In this article I argue that athlete activist's personal and professional positionality influence their activism. Researchers document the powerful impact that athlete activists wield in effecting social change – especially during the civil rights movement. However, the extant literature does not consider the important points of sameness or difference that activists’ personal and professional positionality afford them. Athlete activists are not homogenous. Using content analysis, this article examines how Naomi Osaka's leverages her positionality to generate points of sameness and difference with multiple groups. The findings demonstrate that athletes’ personal racial identities greatly influence their decision to become an activist and the issues they speak to. Further, their professional positionality is embedded in a history of former activists, current activists, and the racial structure of their sport. I conclude that Osaka is greatly influenced by the points of sameness and difference afforded to her by her multiple personal and professional identities.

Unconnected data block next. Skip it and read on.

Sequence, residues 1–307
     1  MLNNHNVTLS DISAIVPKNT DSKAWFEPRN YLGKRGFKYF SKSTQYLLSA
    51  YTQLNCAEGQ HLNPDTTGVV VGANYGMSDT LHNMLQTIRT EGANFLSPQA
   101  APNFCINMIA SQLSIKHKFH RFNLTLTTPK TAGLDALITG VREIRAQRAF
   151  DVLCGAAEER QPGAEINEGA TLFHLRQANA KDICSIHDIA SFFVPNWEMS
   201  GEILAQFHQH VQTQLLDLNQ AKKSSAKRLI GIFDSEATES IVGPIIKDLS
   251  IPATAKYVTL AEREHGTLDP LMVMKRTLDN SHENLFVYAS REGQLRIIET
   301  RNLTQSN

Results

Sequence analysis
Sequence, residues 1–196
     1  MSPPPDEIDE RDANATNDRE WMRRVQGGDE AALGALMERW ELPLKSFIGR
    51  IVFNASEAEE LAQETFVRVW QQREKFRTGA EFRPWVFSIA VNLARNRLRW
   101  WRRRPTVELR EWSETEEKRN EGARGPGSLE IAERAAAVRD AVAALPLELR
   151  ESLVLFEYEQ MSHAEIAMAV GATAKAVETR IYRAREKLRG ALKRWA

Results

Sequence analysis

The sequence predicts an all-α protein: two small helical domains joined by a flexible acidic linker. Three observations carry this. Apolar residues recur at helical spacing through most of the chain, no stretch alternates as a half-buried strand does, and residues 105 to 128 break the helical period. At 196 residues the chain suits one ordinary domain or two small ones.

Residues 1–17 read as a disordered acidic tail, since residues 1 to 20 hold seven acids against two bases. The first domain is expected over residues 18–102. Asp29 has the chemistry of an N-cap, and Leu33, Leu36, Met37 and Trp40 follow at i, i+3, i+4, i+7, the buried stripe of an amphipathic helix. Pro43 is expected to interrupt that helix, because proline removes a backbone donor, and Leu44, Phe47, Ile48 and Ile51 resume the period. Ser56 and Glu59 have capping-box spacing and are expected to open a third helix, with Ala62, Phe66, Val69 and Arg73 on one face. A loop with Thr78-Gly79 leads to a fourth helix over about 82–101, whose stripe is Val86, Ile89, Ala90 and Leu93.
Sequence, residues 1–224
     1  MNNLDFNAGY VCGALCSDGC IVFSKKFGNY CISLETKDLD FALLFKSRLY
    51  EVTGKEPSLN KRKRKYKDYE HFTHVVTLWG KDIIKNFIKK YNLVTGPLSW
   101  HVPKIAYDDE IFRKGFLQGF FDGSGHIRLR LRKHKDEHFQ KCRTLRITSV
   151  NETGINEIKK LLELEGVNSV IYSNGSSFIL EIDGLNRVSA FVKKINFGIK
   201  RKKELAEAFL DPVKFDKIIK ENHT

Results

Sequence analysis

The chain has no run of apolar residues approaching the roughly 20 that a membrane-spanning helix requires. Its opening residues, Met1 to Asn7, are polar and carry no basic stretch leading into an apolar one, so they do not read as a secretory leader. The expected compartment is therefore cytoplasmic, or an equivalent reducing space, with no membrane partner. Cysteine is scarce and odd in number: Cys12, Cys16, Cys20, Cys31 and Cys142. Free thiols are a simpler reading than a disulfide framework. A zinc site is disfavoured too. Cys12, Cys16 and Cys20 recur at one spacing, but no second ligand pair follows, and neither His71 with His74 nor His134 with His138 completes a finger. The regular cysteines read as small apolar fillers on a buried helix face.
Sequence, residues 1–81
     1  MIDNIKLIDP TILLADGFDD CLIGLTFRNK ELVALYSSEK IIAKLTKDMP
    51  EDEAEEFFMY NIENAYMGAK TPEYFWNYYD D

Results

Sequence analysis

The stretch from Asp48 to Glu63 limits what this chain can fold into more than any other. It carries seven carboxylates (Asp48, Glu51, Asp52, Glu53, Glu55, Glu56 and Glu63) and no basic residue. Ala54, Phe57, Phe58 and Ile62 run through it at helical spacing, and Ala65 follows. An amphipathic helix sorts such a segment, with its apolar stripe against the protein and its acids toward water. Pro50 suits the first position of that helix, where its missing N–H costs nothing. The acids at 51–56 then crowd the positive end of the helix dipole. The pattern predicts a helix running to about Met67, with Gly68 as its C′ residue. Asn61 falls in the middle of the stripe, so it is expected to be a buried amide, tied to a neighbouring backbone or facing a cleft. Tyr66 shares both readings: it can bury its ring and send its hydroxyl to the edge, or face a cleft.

Leppard, T. R. (2022). Athlete activism and the role of personal and professional positionality: The case of naomi osaka. International Review for the Sociology of Sport. https://doi.org/10.1177/10126902211073907